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Blocked Release of Body Camera Footage, Independent Autopsy of Trayford Pellerin Highlights Need for Police Reform in Louisiana

September 9, 2020

This morning, the Daily Advertiser reported that “a state judge blocked release of any video footage and other reports related to the shooting death of Trayford Pellerin to the public, including Pellerin’s family.”

This comes after Trayford Pellerin’s family released an independent autopsy this weekend after Pellerin was shot 10 times and killed by Lafayette police in August. The autopsy “found no evidence on Pellerin’s body that he was ever struck by a taser nor any defensive markings on Pellerin’s body,” according to The Advocate. In the immediate aftermath of the shooting, police representatives and Lafayette Mayor-President Josh Guillory indicated that officers attempted to subdue Pellerin using a taser before shooting and killing him; prior to today’s ruling, Mayor-President Guillory also had agreed to show Pellerin’s family body camera footage this week. According to The Advocate, the independent autopsy also “found bruises on Pellerin’s wrists that indicated he was handcuffed.” 

“These disturbing findings and this ruling highlight the desperate need for police reform in Lafayette and across our state,” said Angelle Bradford, a volunteer with the Louisiana chapter of Moms Demand Action. “As the Police Training, Screening, and De-escalation Task Force and local officials across Louisiana continue to review police practices, we’re urging them to work with local groups who are recommending substantial changes that will help Louisiana reimagine public safety and save Black lives.”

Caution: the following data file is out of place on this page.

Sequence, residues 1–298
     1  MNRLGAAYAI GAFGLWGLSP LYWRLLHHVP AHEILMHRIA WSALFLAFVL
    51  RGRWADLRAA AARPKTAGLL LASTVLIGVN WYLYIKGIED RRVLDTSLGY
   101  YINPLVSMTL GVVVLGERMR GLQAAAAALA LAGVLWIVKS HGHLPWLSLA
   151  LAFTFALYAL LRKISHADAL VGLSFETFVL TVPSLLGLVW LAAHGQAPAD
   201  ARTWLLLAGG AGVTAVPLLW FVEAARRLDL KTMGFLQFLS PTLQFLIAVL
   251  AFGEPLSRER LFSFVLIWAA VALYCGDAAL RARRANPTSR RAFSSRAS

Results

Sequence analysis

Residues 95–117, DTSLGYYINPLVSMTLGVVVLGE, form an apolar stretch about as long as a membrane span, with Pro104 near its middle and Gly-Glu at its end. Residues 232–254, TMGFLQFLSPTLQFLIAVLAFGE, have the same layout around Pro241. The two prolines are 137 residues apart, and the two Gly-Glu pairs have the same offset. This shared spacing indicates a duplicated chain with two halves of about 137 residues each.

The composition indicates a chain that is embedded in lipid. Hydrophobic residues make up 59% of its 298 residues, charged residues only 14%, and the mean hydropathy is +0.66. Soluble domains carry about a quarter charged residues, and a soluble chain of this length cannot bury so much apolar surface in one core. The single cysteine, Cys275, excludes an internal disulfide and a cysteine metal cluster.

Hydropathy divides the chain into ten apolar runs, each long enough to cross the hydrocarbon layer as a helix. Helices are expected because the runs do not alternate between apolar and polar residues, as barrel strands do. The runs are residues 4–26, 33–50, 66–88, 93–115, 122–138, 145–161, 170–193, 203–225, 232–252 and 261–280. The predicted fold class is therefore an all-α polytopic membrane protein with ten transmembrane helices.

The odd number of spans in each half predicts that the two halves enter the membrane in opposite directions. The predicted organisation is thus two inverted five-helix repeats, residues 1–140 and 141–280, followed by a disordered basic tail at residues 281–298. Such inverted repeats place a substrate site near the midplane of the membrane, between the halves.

The Lafayette Parish NAACP and other organizations have called on officials to enact substantial reform, including ending qualified immunity and creating a citizen law enforcement oversight committee. 

Meaningful use of force policies encourage de-escalation, utilize early intervention systems, and ensure that officers who act in a manner that is criminally negligent can be held accountable. Use of force policies can ensure that laws help advance safety and promote trust in the police. 

Research suggests that implementing specific use-of-force policies can save lives. One 2016 study of 91 large police departments found adoption of use-of-force reform policies—exhaustion of other means prior to shooting, bans on chokeholds and strangleholds, use-of-force continuum, de-escalation, duty to intervene, restrictions on shootings at moving vehicles, and warning before shooting—was associated with fewer people killed by police. 

According to the Daily Advertiser, the fatal police shooting of Trayford Pellerin was at least “the third time an on-duty Lafayette Police Department officer has shot a person in five weeks, and the fourth in 2020.” Black people in the United States are nearly three times more likely to be shot and killed by law enforcement than their white counterparts, and data from Mapping Police Violence shows that most people killed by police are killed with guns.

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